Everyone and their brother probably knows how to do social media marketing. Or, so they say, eh? Actually, there is a difference between understanding social media and understanding social media marketing. The first thing that any branding-conscious company needs to understand is that just because someone says they understand social media marketing doesn’t mean that they truly do. And, even if they are an expert at social media marketing, do they hold the same values as you do? That is important (as noted in the next item) because it is YOUR brand that is affected by their actions.

One of the most basic aspects to check, when receiving job applications or inquiries, is to check the candidates social media profiles. In the companies where I have worked, we hire specialists to do background checks specifically on the social media activity of the candidate. I once had someone apply to be a social media marketing specialist and they basically had zero social media activity. That is a clue that either there is a typo in their application or something isn’t quite right.

Another way to hire a quality person to handle your branding is to ask for recommendations. Try to find someone that you know, for the recommendation (someone that you have in common with the candidate). Obviously this will not always be the case, but if you do happen to find that person in common, that is who you want to ask for the recommendation. Another idea is to contract a well-respected social media marketing agency to actually vet the person for you. Offer to pay them a fee to interview the social media marketing candidate for you and to provide you with their feedback and recommendations.

    1. The Search Engine Optimization Challenge.

This is definitely a topic in and of itself! Search Engine Optimization (SEO) is interwoven into the fabric of marketing along with social media marketing. The main thing to keep in mind, related to item #6, is that there are, again, many who claim to be experts in SEO, but you really need to ensure that they are performing the SEO in a way that does not reflect poorly on your brand. Specifically, you want to ensure that they are not using black hat tactics to get your brand out their via those Search Engine Results Pages (SERPs).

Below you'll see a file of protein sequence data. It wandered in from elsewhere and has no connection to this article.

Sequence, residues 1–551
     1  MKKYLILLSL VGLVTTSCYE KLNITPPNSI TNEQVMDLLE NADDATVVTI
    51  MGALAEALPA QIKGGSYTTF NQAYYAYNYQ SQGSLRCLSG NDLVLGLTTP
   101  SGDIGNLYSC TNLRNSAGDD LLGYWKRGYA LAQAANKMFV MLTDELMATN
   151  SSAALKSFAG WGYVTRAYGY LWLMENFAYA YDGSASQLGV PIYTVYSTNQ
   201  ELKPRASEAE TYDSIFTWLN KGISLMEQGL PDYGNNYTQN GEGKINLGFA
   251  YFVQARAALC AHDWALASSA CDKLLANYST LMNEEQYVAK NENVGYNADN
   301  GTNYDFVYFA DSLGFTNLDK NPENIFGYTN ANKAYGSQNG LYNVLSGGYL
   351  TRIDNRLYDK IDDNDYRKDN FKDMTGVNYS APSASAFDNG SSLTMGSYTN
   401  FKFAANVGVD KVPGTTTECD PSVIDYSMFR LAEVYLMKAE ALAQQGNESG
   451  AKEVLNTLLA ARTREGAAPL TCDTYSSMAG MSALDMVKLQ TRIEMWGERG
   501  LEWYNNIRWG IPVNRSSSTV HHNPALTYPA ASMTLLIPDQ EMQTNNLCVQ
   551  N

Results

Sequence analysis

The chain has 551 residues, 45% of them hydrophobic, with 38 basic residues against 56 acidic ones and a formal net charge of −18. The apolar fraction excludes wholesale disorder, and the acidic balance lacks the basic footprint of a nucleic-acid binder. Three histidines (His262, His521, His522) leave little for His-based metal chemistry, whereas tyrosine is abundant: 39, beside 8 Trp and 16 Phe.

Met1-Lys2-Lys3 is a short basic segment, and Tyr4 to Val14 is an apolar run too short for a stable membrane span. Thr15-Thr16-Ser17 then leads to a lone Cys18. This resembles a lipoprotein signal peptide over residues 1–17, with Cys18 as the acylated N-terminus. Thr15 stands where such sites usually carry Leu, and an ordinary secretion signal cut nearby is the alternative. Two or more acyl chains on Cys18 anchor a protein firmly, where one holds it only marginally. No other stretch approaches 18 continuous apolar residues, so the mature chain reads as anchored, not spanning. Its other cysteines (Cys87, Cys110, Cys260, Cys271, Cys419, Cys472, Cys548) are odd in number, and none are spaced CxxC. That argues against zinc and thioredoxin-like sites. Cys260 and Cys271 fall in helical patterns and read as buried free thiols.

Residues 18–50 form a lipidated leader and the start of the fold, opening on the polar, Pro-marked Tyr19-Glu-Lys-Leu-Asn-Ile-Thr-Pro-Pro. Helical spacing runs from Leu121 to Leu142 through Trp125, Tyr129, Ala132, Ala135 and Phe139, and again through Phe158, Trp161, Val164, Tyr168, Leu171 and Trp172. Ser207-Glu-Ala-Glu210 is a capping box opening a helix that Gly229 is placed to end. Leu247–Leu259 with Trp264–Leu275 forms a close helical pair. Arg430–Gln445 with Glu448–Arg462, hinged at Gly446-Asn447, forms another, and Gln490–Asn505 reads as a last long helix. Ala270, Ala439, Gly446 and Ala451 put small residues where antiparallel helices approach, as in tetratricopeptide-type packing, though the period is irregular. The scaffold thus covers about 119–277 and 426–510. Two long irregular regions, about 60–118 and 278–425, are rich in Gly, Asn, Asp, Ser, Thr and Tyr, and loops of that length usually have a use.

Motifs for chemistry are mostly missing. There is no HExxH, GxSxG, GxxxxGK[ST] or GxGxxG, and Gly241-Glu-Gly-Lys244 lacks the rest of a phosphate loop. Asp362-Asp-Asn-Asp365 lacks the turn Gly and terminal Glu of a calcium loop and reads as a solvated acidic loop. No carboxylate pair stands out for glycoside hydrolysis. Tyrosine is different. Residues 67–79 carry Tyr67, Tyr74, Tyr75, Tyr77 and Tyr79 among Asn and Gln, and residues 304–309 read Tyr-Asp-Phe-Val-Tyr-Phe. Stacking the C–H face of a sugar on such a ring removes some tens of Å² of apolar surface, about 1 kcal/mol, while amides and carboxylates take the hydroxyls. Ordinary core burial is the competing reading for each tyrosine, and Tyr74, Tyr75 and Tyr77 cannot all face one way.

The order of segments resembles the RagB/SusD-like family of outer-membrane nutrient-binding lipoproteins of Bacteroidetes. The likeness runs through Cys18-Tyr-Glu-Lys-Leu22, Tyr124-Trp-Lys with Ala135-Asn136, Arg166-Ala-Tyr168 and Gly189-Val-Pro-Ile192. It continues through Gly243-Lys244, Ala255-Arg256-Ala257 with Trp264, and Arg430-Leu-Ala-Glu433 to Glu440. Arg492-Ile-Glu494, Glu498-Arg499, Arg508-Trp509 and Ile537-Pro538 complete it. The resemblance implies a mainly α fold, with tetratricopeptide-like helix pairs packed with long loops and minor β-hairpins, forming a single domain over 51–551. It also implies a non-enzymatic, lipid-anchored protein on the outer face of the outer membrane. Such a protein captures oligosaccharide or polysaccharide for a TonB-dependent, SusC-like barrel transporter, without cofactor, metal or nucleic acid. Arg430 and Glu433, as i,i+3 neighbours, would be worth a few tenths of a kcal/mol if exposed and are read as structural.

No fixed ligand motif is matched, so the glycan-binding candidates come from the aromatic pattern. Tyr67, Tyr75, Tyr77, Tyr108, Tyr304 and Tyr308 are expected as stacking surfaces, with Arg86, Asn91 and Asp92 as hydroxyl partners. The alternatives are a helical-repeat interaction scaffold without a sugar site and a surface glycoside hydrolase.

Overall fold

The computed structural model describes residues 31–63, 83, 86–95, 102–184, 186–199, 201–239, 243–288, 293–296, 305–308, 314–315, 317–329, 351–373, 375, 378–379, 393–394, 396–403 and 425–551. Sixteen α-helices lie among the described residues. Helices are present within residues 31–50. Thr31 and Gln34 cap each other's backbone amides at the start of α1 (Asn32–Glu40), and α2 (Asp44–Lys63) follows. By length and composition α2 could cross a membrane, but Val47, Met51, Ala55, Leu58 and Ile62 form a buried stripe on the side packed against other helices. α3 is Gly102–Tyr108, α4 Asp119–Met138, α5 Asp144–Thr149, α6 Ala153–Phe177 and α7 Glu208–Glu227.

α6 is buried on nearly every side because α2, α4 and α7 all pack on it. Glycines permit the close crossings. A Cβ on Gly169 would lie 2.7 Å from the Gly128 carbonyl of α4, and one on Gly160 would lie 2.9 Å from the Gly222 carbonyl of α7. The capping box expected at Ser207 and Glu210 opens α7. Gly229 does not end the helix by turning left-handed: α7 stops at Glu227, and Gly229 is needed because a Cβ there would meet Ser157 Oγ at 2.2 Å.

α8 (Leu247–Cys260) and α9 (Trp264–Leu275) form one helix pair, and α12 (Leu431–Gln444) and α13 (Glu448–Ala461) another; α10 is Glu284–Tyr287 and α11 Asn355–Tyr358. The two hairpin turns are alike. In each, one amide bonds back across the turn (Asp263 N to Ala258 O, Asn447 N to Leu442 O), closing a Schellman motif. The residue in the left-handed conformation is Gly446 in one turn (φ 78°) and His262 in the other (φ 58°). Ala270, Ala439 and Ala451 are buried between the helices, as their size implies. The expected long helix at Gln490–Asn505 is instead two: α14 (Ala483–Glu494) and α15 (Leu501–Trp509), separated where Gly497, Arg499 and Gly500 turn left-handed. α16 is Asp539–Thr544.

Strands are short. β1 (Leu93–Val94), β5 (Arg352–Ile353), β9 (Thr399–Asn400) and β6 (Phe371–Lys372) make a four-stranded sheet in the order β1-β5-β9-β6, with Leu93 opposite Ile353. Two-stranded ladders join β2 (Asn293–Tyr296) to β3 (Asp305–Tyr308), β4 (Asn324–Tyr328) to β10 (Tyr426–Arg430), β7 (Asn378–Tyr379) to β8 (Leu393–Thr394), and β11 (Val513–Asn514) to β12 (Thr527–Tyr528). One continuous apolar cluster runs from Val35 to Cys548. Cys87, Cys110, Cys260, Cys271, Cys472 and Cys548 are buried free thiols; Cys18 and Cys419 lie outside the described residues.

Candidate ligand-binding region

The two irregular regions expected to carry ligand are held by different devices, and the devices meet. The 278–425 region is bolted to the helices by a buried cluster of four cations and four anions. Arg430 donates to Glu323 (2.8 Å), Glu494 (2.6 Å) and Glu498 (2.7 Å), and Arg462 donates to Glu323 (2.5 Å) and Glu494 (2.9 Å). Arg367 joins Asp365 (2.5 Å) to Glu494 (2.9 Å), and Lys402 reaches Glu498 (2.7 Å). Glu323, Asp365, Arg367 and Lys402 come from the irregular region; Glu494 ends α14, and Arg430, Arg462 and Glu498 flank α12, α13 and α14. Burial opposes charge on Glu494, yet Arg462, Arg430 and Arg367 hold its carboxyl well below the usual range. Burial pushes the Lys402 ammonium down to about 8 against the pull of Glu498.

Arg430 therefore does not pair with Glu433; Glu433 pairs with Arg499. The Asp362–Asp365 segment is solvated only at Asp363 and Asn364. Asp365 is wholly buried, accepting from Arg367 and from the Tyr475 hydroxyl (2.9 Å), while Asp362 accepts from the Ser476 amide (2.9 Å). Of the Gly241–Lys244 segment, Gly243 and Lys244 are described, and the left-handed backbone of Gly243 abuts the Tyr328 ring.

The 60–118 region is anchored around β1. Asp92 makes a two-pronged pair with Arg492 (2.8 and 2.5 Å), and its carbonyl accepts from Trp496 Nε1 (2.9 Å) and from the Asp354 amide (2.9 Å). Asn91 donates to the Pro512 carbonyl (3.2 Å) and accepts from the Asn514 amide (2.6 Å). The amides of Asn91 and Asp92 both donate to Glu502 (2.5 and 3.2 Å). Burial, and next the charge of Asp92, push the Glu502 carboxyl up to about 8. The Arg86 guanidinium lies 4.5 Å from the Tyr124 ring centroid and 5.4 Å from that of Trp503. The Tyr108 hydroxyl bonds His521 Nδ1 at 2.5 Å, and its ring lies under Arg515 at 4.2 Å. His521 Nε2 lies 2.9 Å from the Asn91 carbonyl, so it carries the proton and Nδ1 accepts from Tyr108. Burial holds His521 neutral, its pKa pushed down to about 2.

Maybe that is what you want, black hat (I hope not!). If that is the case, you probably are pretty safe with anyone you interview, as far as ethics. The only question there is ability and you could check up on them with some simple tools. However, understand that the black hat techniques will be caught by Google and your site will be penalized. You may be able to skate by as far as branding and reputation, but your visitors from Google will disappear if you are delisted by Google as a result of those tactics. The recommendation, for hiring an SEO contractor or employee is very similar to what is recommended in #6. Follow those steps and those recommendations to find the right person for you and for your brand.

There you have it, a quick list of 7 challenges that relate to marketing and branding in the new age of social media. So, what can be done about it? Feel free to share YOUR ideas with us!

Written by
Deborah Anderson